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Artificial Intelligence: Breakthroughs must come with a conscience

10 February 2016


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An Artificial Intelligence educator has urged deeper thought into the moral considerations of breakthroughs in the field of robotics.

Speaking at the World Government Summit about whether robots could rule the world, Neil Jacobstein, co-chair of the Artificial Intelligence and Robotics Track at the Singularity University, said: “Sustainable Artificial Intelligence requires maths, and ecological and ethical literacy.”

Jacobstein warned that succeeding in creating super intelligence could solve very hard problems, but could also suffer negative unintended consequences.

He said AI’s potential “expands the range of possible” with a tremendous value including augmentation of human skills, improving prediction accuracy, solving complex problems quickly, improving product and service costs, and managing corporate task and domain knowledge.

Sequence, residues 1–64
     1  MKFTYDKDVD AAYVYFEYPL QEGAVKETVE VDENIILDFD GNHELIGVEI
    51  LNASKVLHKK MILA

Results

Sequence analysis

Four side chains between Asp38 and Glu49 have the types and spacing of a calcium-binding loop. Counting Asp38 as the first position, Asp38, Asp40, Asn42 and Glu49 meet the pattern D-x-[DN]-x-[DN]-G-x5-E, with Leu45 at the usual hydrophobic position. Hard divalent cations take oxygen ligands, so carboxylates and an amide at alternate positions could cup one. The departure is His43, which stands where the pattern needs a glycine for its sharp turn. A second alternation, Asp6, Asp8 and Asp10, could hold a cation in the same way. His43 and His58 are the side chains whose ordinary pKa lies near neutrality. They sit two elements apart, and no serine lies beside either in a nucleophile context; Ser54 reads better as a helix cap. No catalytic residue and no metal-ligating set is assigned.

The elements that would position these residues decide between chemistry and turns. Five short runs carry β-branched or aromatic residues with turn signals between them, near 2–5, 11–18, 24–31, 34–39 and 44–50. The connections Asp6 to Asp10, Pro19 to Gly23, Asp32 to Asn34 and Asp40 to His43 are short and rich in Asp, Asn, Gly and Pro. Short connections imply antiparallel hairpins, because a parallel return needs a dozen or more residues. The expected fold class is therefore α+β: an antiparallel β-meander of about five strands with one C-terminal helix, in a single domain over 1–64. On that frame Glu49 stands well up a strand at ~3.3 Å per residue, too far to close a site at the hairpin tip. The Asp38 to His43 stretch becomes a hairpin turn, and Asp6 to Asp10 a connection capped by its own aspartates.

“[But] we are morally responsible for our inventions. We are going to need advanced R&D, specification, security, validity and control,” Jacobstein stressed.

The expert sees AI’s biggest potential in the possibility of robots providing free high quality education.

He explained: “AI is going to blow the roof off of education with one tutor per child or adult learner. It can change balance of power between small companies and big companies, and small countries and big countries.”